The 10 companies who control 90% of the European phone market have signed a deal which will see mobile phone chargers become universal by 2010.
The group, which includes Apple, Sony Ericsson, Nokia, Samsung, LG and NEC, has agreed to a harmonisation that will see mobile phones charged by mini-USB adaptors. The move is not only good for people who have drawers full of various charges – it’s great news for the environment too.
Every year there are 185million phones sold in the EU and therefore around 185million chargers as well. The majority of these chargers become useless after upgrading to a new phone – even, in some cases, if users stay with the same brand.
The idea is that, after an unspecified time following the release of the universal charger, chargers and phones will be sold separately. The move only applies to smartphones and is only for the EU at the moment.
Hopefully, the rest of the world will follow suit soon after. They should do – not only would it save them money because they won’t have to manufacture and package chargers for every phone they sell (I can’t see them reducing the price of phones just because it ships without a charger) it will also be good for their green-credentials.
There’s good news coming out of Brussels (don’t say this to anyone who voted UKIP) regarding mobile phone roaming charges. From July the cost of using your mobile phone abroad could be slashed by a whopping 60%.
Rules drawn up by the EU mean that the costs of a text will be cut to around 10p (€0.11 to be precise) down from the usual 25p – although I know from experience O2 charges 35p.
The costs of calls has been reduced too, although the ridiculous practice that you pay for calls received as well as those made still applies – albeit with price reductions. The cost of a call made will be cut to €0.46 a minute (work it out in pence yourselves, you lazy so-and-sos) and calls received will be €0.22 a minute. These prices will be further reduced in 2010 and 2011.
The cost of web browsing is still astronomical whilst abroad though so unless you’ve got plenty of dosh, avoid this. Prices have been reduced, but only to €1 a MB, meaning a song streamed from last.fm or a video watched via YouTube is still going to cost you a few quid.
Alternatively, sign up with Vodafone’s Passport scheme and receive free roaming for three months this summer. You simply pay the usual UK charges – have a read of this post from last month for more details. Or go direct to Vodafone.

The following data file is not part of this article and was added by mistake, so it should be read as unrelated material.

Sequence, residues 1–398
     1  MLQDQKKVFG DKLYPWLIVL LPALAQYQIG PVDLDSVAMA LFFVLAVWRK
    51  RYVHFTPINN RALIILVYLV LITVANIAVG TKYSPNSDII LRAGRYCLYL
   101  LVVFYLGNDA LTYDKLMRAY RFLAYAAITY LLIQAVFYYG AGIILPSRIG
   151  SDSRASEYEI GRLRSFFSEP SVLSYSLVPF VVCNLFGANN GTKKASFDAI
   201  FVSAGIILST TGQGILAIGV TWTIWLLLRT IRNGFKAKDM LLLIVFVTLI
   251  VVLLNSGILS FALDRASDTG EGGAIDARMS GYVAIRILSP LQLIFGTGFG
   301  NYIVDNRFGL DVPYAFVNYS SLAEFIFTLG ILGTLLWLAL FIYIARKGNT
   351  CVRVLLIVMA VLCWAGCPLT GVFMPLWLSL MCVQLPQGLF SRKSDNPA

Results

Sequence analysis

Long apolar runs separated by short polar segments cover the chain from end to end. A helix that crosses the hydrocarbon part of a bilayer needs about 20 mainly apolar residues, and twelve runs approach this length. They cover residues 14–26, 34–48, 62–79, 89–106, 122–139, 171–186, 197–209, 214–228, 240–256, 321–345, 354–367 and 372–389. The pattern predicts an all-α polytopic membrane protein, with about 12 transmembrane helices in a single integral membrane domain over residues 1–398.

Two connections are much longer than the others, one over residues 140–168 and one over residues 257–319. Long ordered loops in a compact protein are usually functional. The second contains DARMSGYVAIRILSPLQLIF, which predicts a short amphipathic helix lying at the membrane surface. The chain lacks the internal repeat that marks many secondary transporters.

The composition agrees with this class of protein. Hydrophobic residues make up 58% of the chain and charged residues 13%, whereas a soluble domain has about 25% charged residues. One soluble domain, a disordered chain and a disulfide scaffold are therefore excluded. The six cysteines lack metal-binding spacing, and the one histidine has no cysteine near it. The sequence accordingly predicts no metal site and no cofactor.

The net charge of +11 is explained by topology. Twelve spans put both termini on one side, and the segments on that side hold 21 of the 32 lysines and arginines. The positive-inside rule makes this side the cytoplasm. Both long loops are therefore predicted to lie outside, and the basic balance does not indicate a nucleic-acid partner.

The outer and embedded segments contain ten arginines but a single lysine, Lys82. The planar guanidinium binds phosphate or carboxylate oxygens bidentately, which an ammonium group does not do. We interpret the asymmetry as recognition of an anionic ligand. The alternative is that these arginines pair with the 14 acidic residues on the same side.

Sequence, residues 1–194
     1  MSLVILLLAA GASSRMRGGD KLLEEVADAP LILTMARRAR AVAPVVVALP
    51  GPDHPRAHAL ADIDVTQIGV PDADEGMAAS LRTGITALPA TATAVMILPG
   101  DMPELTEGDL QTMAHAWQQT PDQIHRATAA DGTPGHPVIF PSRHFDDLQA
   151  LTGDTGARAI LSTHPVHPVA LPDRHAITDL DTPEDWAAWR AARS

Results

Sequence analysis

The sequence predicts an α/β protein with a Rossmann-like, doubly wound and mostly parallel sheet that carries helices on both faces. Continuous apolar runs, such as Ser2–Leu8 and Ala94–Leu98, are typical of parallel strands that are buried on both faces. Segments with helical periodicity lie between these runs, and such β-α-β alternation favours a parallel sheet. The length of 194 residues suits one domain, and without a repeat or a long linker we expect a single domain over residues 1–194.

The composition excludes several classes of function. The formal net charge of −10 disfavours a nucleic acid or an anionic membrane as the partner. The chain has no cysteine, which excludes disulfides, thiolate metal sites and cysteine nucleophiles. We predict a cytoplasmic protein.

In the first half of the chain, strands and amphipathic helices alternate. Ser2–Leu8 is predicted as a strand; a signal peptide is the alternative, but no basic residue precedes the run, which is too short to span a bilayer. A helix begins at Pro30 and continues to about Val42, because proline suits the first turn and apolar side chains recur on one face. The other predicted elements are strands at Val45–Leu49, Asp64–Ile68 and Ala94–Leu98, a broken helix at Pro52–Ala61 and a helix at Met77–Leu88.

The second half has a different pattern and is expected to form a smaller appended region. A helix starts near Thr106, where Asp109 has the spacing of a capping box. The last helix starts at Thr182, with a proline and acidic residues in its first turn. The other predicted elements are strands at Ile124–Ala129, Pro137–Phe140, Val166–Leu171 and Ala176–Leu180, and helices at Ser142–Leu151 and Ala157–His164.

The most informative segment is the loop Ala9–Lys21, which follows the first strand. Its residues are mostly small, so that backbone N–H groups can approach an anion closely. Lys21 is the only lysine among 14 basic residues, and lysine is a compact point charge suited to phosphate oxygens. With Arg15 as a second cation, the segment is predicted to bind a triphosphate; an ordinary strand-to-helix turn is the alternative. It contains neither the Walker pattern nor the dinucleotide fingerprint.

(via Digital Lifestyles)
Way back in 1993, Novell made a complaint to the EU that Microsoft was indulging in anti-competitive practices. After much to-ing and fro-ing, the EU eventually decided (ten years later, in 2003) that Microsoft had to make a version of Windows without Windows Media Player available, and in 2006 hit the company with massive fines, totaling £1.07 billion.
Fast-forward to 2008, and the makers of the web browser Opera filed a similar complaint, claiming that bundling IE with Windows makes it tough for others to compete. I’m not convinced that’s true – Firefox has 20% market share – but clearly someone in the EU still has it in for Microsoft, because they’ve now filed a new complaint against Microsoft saying that IE must be unbundled.
Interestingly, a similar complaint was filed against Microsoft in the USA ten years ago, but it didn’t stick, and Microsoft still bundles IE with its operating systems. It’ll be fun to see whether the EU agrees, and could result in another massive payout. Poor Microsoft. In the meantime, I’m sticking with Chrome.
Everyone knows that, in general, large TVs consume more electricity than small ones, but it seems that EU bureaucrats are just turning themselves on to the idea of banning plasma TVs because they’re not energy efficient.
The yawn-inducing title attributed to plasma sets is “the 4×4 of the living room” (I reported this over at HDTVUK two years ago) because it’s easy to lump them all together as electricity guzzlers.
Sweeping generalisations reported in the mainstream press include such gems as “they use up to four times as much electricity and are responsible for up to four times as much carbon dioxide as traditional cathode ray tube sets.” The clue is in those two words — “up to” — which, just as when applied to your flagging broadband connection, can cover a huge range of values…
Critics of Apple’s decision to ship portable devices fitted with a non-removable battery may get their way if a new European Union directive is passed.
In simple terms, the “New Batteries Directive” is supposed to ensure that the batteries in gadgets must be easily removable prior to the device being disposed of…
The UK government has said the incredibly controversial Phorm software can be rolled out in the UK – but users must be told first and allowed to opt-out if they wish.
The Phorm system, which anonymously tracks your internet usage so it can offer you targeted advertising, was secretly tested on a small group of BT users without their knowledge, creating uproar among the sort of people who like to create uproars about privacy issues. The EU then got involved, asking for clarification about the hows and whys of Phorm, thinking that it might be a BAD THING.
So, the UK government investigated and has decided it’s OK and that Phorm is fine. Here’s what it told the EU investigators about its Phorm phindings and how users will be put in charge of turning it on and off…
The EU is getting angry again – and looking daggers the way of Yahoo and Google. Transatlantic daggers. Intercontinental ballistic daggers.
The bureaucratic RAGE is thanks to the two companies and their deal to sell Google ads on Yahoo in the US and Canada – a right old stitch-up which…